Logan City can be a hot place to live and if you add in heat waves which are a potentially deadly problem, summer can be a rough time for elderly people.

In 2020, 177 people died due to heat in Queensland with over 70 per cent being people aged over 65.

Part of the problem lies in the fact that seniors often don’t realize when they are overheated, dehydrated and in danger. To make matters worse, older adults simply can’t handle the heat as well as younger individuals because they don’t sweat as effectively and have poorer circulation.

Obesity, heart disease, dementia, diabetes and other chronic medical conditions can compound the risk, as can certain medications like diuretics, antihypertensives and those used to treat Parkinson’s disease.

Luckily, there are simple ways of protecting our aging loved ones from heat-related illness.

To protect seniors from the unrelenting summer heat, the standard advice is for them to remain inside air-conditioned buildings, dress lightly and keep hydrated. Unfortunately, this is easier said than done, since poor circulation often causes older adults to catch a chill more easily. It’s not uncommon for an elder to reach for a sweater or turn on the heat in their home even though it’s unbearably hot outside.

Dehydration is another serious concern. The body’s natural thirst mechanism becomes less effective with age, so many seniors are perpetually dehydrated regardless of the season. Elders tend to prefer beverages like coffee and soda to water, too. Drinks that are high in caffeine and sugar do contain some fluids, but water is always the best option for staying hydrated.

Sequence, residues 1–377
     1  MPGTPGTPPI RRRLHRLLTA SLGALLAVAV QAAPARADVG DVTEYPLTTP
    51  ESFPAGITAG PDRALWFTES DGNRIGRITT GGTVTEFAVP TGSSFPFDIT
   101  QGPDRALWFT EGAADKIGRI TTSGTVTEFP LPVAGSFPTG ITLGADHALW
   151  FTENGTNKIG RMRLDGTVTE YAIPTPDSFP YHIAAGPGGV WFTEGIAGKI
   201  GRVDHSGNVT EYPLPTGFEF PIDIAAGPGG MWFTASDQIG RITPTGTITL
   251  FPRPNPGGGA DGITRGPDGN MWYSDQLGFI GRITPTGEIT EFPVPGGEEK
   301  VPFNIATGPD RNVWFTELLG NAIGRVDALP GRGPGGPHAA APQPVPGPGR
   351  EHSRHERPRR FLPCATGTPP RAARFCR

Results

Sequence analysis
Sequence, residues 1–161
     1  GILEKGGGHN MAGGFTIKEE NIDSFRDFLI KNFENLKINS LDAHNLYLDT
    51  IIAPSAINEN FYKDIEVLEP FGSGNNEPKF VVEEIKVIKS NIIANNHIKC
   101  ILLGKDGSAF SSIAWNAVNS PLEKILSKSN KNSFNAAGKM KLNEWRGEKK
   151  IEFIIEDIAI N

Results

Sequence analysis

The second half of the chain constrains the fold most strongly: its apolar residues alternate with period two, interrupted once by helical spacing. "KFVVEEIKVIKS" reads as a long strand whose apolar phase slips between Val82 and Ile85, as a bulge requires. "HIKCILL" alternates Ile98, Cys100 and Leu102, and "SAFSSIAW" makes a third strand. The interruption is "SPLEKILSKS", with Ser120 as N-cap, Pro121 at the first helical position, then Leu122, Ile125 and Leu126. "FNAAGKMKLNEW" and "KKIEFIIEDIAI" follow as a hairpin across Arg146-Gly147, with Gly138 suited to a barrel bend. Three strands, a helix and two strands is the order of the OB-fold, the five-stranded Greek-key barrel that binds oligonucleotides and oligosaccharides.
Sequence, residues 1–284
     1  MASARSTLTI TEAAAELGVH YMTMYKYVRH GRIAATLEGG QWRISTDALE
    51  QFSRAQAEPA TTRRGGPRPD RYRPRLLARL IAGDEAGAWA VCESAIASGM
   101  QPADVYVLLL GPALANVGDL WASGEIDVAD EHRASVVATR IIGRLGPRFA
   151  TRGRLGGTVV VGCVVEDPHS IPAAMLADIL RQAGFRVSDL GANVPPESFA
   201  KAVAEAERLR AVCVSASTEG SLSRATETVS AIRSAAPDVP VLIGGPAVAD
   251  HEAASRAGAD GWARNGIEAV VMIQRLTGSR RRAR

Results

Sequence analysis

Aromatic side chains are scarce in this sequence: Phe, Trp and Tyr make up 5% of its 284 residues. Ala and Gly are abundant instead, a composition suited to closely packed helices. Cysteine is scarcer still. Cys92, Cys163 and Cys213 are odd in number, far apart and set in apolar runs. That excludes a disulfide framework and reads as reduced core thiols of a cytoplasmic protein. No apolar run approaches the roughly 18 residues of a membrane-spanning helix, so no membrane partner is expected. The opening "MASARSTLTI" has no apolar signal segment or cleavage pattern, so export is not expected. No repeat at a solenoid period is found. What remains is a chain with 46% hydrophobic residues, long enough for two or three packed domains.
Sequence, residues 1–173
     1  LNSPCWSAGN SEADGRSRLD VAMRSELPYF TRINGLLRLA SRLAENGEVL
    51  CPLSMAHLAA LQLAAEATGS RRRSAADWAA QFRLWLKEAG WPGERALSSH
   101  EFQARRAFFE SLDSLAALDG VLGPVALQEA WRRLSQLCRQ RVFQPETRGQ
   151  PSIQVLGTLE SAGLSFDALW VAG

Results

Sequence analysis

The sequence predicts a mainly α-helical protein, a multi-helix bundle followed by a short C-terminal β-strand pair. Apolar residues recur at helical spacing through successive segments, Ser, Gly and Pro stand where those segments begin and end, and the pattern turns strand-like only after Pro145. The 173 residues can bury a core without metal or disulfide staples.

While dehydration and overheating can be dangerous, the real threat to avoid this summer is heat stroke.

Symptoms of Heat Exhaustion in Elderly Individuals

  • Sweating profusely
  • Cold, pale and clammy skin
  • Fast, weak pulse
  • Nausea or vomiting
  • Muscle cramps
  • Tiredness or weakness
  • Dizziness
  • Headache
  • Fainting

Symptoms of Heat Stroke in Seniors

  • High body temperature (39°C or higher)
  • Hot, red, dry or damp skin
  • Fast, strong pulse
  • Headache
  • Dizziness
  • Nausea
  • Confusion
  • Loss of consciousness

Be on especially high alert for confusion or altered mental state in seniors who are out in hot weather. If your loved one should collapse or lose consciousness, it’s considered a medical emergency and 000 should be called immediately. While you are waiting for help, move them to a cooler location, remove as much of their clothing as possible and pour cold water all over their body to bring their body temperature down.

If your loved one doesn’t have air conditioning or refuses to use it, make sure they spend at least some time in a cool, air-conditioned space like a library, mall, senior centre or theatre.

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